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When I was growing up, my mom often said that no matter what grades I got in school, as long as I did my best, she’d be proud of me. Then she added, “But if you didn’t get an A, I’ll know you didn’t do your best.” She said it with a smile, but I took it seriously: I shouldn’t settle for anything less than perfect.
It’s one thing to care about attaining success and avoiding failure. I’m guessing you wouldn’t want a heart surgeon who was content with doing an adequate job. But perfectionism takes expectations to a whole different level. I’m not talking about the line people use in job interviews. My greatest weakness is that I’m too much of a perfectionist. It’s much more extreme than that.
Perfectionism is the desire to be impeccable. The goal is zero defects: no faults, no flaws, no failures. It’s my college classmate who was so enamored with his perfect SAT score that his email handle was IGot1600. It’s the students who still display their 4.0 GPAs on their resumes and LinkedIn profiles a decade after graduation. It’s the friends who appear to be living their best lives online but hide their physical and emotional scars in shame.
There’s strong evidence that perfectionism has been rising for years across the United States, the United Kingdom, and Canada. Social media clearly hasn’t helped, but the spike started in the 1990s—a full generation before anyone was posting curated images on Instagram. In an increasingly competitive world, kids face growing pressure from parents to be perfect and harsh criticism when they fall short. They learn to judge their worth by the absence of inadequacies. Every flaw is a blow to their self-esteem. I’ve lived it myself.
When I won the fifth-grade quiz bowl on world explorers, I beat myself up afterward for missing one question. How could I forget that the sea route to India was discovered by da Gama, not Magellan? When I made the finals of a Mortal Kombat tournament and won a lifetime pass to a local movie theater, I didn’t celebrate. Third place is the second loser. When I set the curve on a math test, I was disappointed. Only a 98? Not good enough.
Perfectionists excel at solving problems that are straightforward and familiar. In school, they ace multiple-choice tests that have a single right answer and fill‐in‐the‐blank questions that allow them to regurgitate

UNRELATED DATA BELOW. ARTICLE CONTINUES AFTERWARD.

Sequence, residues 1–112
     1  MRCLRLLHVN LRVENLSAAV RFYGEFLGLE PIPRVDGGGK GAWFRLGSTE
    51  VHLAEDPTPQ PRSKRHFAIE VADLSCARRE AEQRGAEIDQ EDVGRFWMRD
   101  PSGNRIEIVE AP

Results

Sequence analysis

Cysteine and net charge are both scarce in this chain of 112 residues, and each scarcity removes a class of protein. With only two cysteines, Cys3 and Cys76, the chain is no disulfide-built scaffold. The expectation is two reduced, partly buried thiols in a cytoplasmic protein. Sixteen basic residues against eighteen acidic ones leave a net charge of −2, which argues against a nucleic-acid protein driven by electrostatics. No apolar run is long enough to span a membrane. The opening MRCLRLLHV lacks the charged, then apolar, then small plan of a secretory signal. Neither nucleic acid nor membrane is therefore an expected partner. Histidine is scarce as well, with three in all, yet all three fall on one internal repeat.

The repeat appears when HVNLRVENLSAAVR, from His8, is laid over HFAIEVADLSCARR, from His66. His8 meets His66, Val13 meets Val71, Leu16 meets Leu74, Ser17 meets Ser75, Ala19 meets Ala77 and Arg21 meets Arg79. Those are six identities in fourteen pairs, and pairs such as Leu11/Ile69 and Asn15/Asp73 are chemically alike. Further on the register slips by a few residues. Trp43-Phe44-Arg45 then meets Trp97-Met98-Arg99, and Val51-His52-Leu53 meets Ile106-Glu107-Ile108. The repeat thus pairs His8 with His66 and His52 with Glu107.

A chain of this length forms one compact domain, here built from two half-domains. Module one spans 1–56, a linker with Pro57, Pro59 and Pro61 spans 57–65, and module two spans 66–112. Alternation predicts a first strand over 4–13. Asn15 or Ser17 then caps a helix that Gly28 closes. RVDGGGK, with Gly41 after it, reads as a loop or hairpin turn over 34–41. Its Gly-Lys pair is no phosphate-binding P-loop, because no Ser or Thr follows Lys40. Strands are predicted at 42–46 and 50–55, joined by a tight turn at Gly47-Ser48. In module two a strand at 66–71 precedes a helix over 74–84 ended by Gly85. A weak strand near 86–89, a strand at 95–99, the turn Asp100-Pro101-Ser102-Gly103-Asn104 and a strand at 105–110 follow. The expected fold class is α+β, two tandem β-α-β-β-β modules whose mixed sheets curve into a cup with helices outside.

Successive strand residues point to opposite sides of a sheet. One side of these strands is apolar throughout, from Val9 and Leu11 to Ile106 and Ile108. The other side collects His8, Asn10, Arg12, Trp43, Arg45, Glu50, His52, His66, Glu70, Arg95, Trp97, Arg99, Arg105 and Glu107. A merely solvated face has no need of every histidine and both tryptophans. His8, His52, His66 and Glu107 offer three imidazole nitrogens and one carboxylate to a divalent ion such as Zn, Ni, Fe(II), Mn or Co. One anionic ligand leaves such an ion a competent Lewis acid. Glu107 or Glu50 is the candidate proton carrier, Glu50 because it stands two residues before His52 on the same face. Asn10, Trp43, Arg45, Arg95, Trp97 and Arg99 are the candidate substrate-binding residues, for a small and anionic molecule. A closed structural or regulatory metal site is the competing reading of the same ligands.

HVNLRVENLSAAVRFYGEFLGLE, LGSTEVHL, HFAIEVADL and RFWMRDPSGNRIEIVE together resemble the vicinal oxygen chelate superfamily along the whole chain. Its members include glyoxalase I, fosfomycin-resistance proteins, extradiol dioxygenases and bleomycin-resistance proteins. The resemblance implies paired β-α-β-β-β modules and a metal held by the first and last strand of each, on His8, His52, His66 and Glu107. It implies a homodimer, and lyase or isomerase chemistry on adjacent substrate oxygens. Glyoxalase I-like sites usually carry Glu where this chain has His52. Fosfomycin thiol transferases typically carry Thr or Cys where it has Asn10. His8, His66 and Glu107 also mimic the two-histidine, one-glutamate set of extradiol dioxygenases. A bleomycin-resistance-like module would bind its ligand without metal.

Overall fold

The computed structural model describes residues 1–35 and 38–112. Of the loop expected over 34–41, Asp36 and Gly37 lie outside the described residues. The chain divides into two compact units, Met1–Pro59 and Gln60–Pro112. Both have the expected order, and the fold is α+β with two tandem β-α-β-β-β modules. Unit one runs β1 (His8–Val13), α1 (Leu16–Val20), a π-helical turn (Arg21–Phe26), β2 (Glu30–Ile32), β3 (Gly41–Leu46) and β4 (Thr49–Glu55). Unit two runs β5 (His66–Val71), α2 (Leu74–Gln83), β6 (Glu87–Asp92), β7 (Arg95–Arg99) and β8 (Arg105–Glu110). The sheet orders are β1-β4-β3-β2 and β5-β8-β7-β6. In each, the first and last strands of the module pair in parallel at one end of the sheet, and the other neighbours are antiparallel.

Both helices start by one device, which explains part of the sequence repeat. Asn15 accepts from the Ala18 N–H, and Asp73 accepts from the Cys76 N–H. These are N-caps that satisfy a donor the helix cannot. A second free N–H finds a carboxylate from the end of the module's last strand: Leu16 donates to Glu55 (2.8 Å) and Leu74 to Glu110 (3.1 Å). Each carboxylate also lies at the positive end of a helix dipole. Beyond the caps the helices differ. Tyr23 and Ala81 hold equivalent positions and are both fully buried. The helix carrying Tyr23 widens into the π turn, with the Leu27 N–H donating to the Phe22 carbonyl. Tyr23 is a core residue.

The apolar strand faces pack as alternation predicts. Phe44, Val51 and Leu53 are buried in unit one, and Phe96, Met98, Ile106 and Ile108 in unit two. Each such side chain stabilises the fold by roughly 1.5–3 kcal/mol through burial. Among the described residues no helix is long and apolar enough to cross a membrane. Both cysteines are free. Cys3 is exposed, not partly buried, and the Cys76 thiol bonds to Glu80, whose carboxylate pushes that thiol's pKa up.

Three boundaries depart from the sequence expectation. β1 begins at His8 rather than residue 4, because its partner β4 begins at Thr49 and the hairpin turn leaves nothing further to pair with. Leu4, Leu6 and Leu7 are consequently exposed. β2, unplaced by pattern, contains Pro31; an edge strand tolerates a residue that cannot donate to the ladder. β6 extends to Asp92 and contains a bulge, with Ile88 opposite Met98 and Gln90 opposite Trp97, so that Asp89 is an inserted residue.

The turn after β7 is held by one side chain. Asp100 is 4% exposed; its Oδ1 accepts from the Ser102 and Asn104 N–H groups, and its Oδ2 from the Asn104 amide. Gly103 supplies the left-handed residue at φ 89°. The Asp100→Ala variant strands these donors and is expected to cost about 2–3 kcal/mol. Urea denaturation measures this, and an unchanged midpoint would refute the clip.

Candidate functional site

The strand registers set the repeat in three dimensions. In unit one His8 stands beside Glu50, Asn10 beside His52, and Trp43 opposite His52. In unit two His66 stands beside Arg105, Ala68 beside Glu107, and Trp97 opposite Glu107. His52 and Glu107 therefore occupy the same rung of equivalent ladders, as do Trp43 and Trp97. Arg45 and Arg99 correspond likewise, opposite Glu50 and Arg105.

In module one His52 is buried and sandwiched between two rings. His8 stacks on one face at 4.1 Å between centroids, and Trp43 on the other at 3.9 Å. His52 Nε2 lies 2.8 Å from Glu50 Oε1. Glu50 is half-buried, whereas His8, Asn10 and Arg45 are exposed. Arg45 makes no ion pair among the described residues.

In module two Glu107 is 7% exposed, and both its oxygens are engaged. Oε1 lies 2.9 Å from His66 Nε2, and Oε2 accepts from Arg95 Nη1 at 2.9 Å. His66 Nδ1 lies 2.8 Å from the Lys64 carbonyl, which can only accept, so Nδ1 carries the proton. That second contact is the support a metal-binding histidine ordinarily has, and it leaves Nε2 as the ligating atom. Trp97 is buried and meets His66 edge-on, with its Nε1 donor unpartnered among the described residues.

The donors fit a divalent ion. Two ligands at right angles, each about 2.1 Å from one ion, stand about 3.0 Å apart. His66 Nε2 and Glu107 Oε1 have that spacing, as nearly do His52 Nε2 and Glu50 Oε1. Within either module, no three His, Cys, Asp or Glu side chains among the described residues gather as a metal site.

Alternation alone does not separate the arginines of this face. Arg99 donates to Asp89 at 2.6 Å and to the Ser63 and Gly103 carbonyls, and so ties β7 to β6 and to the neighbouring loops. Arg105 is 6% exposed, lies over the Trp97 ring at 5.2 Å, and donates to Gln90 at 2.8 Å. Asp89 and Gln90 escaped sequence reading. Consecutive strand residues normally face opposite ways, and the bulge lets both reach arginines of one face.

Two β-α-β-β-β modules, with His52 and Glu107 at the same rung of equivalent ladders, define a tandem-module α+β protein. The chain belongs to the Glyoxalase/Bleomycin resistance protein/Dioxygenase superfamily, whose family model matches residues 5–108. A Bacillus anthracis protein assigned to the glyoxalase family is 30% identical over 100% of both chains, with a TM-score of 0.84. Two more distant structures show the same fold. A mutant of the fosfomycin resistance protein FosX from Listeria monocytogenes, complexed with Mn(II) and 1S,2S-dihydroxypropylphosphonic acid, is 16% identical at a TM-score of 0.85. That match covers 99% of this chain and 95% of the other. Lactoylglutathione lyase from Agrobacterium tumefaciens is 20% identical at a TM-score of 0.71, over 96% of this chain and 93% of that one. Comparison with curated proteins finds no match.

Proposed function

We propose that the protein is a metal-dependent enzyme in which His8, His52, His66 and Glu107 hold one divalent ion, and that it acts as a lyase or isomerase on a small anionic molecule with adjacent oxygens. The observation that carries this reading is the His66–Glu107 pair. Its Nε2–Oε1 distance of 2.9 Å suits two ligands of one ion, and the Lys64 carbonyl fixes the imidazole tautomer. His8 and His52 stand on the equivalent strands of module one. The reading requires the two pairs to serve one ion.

facts they’ve committed to memory. Michelangelo’s marble architectural membering was set within a thin, blue-gray pietra serena molding. That line is still emblazoned in my brain from the weekend I spent studying for a final exam as a college freshman, and I have no idea what it means.
The real world is far more ambiguous. Once you leave the predictable, controllable cocoon of academic exams, the desire to find the “correct” answer can backfire. In a meta-analysis, the average correlation between perfectionism and performance at work was zero. When it came to mastering their tasks, perfectionists were no better than their peers. Sometimes they even did worse. The skills and inclinations that drive people to the top of their high school or college class may not serve them so well after they graduate.
The people who go on to become masters in their fields often start out with imperfect transcripts in school. In a study of world-class sculptors, it turned out that they were mostly average students. Two-thirds graduated high school with Bs and Cs. A similar pattern emerged in a comparison of America’s most influential architects with peers who had fallen short of transforming the field. The great architects had rarely been great students: they typically finished college with a B average. Their perfectionistic colleagues had gleaming grades but went on to build far fewer glistening buildings.
In their quest for flawless results, research suggests that perfectionists tend to get three things wrong. One: they obsess about details that don’t matter. They’re so busy finding the right solution to tiny problems that they lack the discipline to find the right problems to solve. They can’t see the forest for the trees. Two: they avoid unfamiliar situations and difficult tasks that might lead to failure. That leaves them refining a narrow set of existing skills rather than working to develop new ones. Three: they berate themselves for making mistakes, which makes it harder to learn from them. They fail to realize that beating yourself up doesn't make you stronger—it leaves you bruised. The purpose of reviewing your mistakes isn’t to shame your past self. It’s to educate your future self.
I’m not fully cured of perfectionism. I’m still in recovery. But I’ve learned that the goal isn’t to be the best—it’s to keep getting better. The true test of excellence is not how many defects you can erase from your work. It’s whether you’re proud of it.
From HIDDEN POTENTIAL by Adam Grant, published by Viking, an imprint of Penguin Publishing Group, a division of Penguin Random House, LLC. Copyright © 2023 by Adam Grant.
In an illuminating conversation with Oprah, Oprah Daily Insiders, and organizational psychologist Adam Grant, we explore how to tap your potential and achieve greatness at any age. Become an Oprah Daily Insider now to access this conversation and the full “The Life You Want” Class library.
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